On the 8th of May 1945, the war in Europe formally came to an end. It left behind it a vast amount of human and material damage. During its course, Nazi Germany and its accomplices murdered over 6 million Jews and hundreds of thousands of Roma, mentally ill, homosexual and other groups considered inferior by the Nazis. Millions of Russians, Poles and members of other nations also died in Nazi concentration camps and execution sites.

The first day of peace did not bring an end to the suffering of the former prisoners of the concentration camps, however. Many of them died of the consequences of torture and debilitation after they were released. In some cases, the prisoners could not digest the normal food that the liberators gave them. Many became the victims of epidemics - above all of typhus, which ravaged most of the liberated camps.

It is estimated that at the end of the war, there were some 8 million people in Europe who had lost their homes as the result of the war. By the end of 1945, there were still some two million displaced persons in the camps. They included approximately 200 000 Jews who had lived to see the liberation of the Nazi concentration camps. The majority of them had lost most of their family, and did not want to return to their former homes. Many tried to emigrate to Palestine, but came up against many barriers as the result of Britain's restrictive immigration policy. Often, they had to live under military supervision in the displaced persons camps for several years after the end of the war. Only gradually could they leave and set up new homes, mostly in Palestine, the US and Western Europe.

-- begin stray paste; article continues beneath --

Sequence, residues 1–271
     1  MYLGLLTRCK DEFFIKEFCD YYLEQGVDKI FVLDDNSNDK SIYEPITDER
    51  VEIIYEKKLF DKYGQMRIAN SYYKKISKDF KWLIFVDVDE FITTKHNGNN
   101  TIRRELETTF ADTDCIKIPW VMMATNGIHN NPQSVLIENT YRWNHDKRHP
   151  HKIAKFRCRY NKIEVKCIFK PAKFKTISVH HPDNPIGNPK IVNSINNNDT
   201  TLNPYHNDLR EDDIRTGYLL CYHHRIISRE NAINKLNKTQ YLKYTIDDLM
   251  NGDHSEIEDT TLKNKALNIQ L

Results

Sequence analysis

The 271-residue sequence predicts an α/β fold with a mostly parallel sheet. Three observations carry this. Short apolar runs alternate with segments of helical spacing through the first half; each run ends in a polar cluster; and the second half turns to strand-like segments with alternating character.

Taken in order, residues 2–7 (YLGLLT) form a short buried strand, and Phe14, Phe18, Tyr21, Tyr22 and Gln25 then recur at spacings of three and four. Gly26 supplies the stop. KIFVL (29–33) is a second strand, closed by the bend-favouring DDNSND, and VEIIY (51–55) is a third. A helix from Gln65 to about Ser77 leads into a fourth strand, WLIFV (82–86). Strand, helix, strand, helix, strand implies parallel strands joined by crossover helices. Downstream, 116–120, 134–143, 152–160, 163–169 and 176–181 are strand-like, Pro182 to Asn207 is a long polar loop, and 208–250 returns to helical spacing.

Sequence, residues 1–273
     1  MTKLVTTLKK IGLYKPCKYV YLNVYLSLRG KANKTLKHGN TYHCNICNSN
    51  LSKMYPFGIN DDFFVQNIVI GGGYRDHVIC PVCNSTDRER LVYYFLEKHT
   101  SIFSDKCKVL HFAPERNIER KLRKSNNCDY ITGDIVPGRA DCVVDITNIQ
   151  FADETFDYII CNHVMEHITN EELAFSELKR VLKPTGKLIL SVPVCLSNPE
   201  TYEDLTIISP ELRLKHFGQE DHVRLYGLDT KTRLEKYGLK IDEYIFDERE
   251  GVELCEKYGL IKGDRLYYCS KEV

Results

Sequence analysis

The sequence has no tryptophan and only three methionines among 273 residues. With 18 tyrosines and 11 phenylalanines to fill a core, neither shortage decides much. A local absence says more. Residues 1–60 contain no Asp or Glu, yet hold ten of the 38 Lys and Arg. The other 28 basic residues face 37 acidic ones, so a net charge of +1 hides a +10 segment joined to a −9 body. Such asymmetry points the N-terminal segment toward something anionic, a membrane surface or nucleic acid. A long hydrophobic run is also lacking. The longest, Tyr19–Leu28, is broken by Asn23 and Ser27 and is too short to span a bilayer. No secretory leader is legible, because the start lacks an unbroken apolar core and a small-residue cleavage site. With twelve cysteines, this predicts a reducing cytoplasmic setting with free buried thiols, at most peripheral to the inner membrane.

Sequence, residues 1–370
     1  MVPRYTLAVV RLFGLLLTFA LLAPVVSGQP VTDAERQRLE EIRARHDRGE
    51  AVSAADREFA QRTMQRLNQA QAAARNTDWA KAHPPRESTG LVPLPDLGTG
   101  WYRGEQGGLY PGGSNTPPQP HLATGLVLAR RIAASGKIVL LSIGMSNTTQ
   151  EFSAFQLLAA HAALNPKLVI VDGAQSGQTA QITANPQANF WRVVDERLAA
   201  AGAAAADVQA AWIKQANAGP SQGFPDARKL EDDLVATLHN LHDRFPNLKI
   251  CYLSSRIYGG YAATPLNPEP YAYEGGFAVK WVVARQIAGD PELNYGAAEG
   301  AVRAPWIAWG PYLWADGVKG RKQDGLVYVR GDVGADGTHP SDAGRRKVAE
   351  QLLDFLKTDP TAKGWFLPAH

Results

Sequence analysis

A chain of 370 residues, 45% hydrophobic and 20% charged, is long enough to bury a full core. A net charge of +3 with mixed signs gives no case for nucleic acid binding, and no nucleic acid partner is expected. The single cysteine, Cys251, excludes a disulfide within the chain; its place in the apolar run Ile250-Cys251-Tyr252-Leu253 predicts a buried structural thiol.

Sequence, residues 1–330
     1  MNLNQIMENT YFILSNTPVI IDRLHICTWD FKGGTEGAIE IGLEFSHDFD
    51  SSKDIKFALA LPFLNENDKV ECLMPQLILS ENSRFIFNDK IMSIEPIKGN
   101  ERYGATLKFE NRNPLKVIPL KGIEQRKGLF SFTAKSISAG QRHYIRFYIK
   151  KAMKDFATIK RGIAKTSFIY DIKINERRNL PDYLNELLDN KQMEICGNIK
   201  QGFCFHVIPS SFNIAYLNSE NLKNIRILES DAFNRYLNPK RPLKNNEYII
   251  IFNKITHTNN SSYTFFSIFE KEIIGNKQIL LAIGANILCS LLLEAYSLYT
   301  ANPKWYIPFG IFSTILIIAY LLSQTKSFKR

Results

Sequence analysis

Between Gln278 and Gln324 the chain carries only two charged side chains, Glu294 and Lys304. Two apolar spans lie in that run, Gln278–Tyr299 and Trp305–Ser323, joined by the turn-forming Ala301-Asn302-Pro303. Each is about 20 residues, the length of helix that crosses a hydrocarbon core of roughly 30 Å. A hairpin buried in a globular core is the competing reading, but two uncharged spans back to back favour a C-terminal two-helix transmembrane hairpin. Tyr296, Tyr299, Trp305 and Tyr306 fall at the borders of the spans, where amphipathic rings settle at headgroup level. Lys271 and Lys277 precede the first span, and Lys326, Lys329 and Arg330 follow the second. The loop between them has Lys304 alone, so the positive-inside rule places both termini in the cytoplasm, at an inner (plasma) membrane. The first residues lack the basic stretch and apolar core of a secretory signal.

Jewish DPs demonstrate in Bad Gastein in Austria against Britain's restrictive policy on immigration into Palestine, 1945 - 1946. (Photo: Schaja & Pnina Klein, courtesy of USHMM Photo Archives.)

Not even then did their suffering end, however. They still bore the psychological consequences of the suffering and humiliation they had experienced, and they often never came to terms with the loss of their loved ones. Many of them suffered from irrational feelings of guilt that they were the ones who had survived. Post-war societies (including Israel) did not necessarily help them to come to terms with the heritage of the Holocaust, often showing a lack of interest in the fates of these victims and the history of the Holocaust.

The number of victims of the Holocaust is huge - in talking about the 6 million people who were murdered we should never forget that they were 6 million individual men, women and children, each of whom had their own face, habits, opinions and, of course, right to life.

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